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I know that within an informal/familiar setting, people often leave out particles. Whether or not this is grammatically correct I'm not positive, but for the sake of this question, I'll say that it's not.

What I'm talking about are modified nouns without particles that seem to be grammatically correct. Furthermore, I've never seen them with particles, and the particle-less form seems to be the only one. Here are a few that seem to be accepted as particle-less ("accepted" meaning I've found these exact forms in at least one dictionary).

父なる: 父なる神様 → Father God / God the Father
聖なる: 聖なる人々 → (a) holy people
単なる: 単なる過失 → a simple/mere mistake

Here are some others that I've seen/heard before, but not sure if these forms are accepted as particle-less, or if they are just informally left out (could not find any of these exact forms in the dictionaries I have).

息ある: 息あるもの → living things ("thing that are breathing")
影響ある: 影響ある政治家 → an influential politician
力ある: 力ある人 → a powerful/strong person

My question is, why are certain expressions like this accepted as not having particles? How did they become this way? Are there many expressions like these in additions to the ones I put? Is there some type of rule that governs when an expression can acceptably leave out the particle?

Or am I wrong about the whole thing?


Update: some other examples I remembered:

内なる: 内なる人 → Our inner-self; the person we are on the inside
大【おお】いなる: 大いなる功績 → a great achievement

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I know of かたちあるもの (as in the title of a song by 柴咲コウ) and 形ないもの (as in the lyrics of "far away" by 浜崎あゆみ) –  cypher Apr 24 '12 at 0:46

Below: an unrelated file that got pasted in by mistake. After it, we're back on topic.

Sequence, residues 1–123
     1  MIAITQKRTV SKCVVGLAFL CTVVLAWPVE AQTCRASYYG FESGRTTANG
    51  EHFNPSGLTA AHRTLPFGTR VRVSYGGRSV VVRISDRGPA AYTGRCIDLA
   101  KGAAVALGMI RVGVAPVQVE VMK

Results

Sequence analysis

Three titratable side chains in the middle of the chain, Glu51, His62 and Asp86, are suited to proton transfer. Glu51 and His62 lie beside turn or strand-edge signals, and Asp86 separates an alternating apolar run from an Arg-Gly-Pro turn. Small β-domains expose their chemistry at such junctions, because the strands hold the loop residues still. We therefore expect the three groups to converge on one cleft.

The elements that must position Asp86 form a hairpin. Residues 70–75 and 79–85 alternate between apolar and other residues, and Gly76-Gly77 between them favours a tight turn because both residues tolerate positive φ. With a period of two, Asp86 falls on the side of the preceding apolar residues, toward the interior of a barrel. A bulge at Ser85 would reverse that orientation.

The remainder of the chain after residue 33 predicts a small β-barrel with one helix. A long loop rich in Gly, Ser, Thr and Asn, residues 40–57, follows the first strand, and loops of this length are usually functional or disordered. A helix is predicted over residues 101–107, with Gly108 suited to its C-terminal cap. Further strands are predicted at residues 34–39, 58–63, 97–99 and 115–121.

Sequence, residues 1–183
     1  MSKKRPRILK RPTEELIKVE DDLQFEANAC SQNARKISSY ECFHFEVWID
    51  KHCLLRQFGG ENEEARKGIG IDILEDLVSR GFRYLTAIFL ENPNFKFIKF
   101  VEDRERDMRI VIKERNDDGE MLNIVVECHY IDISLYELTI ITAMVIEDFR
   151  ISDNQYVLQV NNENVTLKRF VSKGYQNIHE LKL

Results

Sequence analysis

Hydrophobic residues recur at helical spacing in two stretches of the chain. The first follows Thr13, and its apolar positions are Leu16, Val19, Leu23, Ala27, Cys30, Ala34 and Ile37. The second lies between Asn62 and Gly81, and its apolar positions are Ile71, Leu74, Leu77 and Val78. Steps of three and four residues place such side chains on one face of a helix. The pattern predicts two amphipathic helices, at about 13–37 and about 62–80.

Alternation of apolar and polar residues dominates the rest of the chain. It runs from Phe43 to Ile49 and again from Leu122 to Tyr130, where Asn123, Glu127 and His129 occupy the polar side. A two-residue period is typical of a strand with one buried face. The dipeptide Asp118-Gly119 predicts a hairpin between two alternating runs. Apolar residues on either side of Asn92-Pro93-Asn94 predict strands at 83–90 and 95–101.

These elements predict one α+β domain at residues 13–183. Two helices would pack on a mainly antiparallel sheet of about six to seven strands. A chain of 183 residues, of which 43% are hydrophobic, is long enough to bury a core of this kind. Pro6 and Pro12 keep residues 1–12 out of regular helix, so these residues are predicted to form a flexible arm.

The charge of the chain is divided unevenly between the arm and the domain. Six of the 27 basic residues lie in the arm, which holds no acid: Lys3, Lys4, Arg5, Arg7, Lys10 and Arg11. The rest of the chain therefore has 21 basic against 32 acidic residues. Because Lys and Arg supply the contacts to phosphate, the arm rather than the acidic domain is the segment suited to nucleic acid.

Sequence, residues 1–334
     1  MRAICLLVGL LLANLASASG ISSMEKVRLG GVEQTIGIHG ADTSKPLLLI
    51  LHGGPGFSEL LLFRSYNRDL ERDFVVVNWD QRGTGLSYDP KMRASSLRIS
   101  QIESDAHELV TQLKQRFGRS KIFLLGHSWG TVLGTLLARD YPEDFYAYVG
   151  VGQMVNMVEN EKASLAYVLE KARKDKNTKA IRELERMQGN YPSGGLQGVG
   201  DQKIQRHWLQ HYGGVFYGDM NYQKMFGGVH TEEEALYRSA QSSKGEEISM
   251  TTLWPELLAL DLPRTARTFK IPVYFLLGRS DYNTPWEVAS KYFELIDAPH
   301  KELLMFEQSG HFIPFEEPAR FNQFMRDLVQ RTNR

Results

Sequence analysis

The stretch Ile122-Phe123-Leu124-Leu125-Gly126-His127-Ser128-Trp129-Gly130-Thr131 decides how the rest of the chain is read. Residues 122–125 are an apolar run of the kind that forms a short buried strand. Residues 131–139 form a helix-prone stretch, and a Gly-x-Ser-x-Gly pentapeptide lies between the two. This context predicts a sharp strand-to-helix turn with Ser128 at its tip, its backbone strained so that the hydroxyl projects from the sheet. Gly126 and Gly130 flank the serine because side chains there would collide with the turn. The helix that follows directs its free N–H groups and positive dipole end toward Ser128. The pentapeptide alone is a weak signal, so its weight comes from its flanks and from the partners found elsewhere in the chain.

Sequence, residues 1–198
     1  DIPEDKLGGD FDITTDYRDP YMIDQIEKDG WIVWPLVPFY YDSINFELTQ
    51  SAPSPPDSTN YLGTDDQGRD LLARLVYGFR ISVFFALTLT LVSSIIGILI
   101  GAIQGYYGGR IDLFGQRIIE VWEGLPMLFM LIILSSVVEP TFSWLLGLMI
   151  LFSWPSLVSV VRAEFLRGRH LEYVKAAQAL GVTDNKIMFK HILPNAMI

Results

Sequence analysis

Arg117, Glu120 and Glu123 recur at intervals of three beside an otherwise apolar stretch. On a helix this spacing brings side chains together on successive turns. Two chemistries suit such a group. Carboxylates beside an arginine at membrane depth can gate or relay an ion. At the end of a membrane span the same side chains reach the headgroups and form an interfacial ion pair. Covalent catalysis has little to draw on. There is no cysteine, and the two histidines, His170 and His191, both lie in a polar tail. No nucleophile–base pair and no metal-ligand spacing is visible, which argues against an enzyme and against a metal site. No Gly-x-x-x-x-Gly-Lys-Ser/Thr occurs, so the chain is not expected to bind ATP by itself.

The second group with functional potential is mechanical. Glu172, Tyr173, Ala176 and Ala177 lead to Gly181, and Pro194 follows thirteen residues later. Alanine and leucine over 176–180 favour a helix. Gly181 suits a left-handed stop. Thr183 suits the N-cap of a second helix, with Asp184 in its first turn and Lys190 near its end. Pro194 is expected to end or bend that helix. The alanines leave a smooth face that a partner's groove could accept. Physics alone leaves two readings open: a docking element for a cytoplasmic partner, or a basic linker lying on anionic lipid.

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2 Answers 2

up vote 5 down vote accepted

For your first three examples, they are predicates within a relative clause, and they are followed by なる, which may be considered a copula, and which originates from にある, and indeed includes a particle .

Your example 影響ある sounds artificial/awkward. It is just simple omission, and is more natural with が or の (because it is within a relative clause).

息ある and 力ある sounds somewhat idiomatic, departing a little bit from the literal meaning, so you can consider it as a fixed expression.

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Well in Japanese everything that is considered obvious is can be omitted.

In most cases if you don't have a different possible meaning, that is to say changing the particle would result in a sensible sentence with a different meaning, you can simply omit it.

Most of the time it is even considered more correct to omit the particle because having too many particles in the sentence can make it much harder to understand.

For example saying 力ある人 will always mean 力を持つ人. however 力がある人 could mean the same thing or it could mean that 力が is acting another verb later in the sentence. Take 力がある人にない, without context it could mean either ある人には力がない, or 力ある人にない. This is only a very simple example, consider what would happen if you had a much longer sentence, the possible areas of confusion far more numerous.

However for non-native speakers this is something that can be very problematic. The reason being is that non-native speakers tend to often omit particles when they are required.

In general the basic rules are as follows.

に・へ can be dropped when directly before of a verb that displays movement.

を can be dropped when directly before a verb, unless that verb is acting on 2 similar nouns, since this would cause confusion. An example of this would be causative forms.

は・が when directly before a verb.

の when chaining nouns together and the omission of the particle produces the same meaning. For example 日本憲法 and 日本の憲法 are both correct and the same meaning, however 東京大学 and 東京の大学 are clearly different.

While this is far from complete, it would be impossible to clearly define all the rules without writing a book on the subject.

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I can't agree with the statement that "everything that is considered obvious can be omitted," and I think that some of the information in this response is misleading. –  rintaun Apr 24 '12 at 11:51
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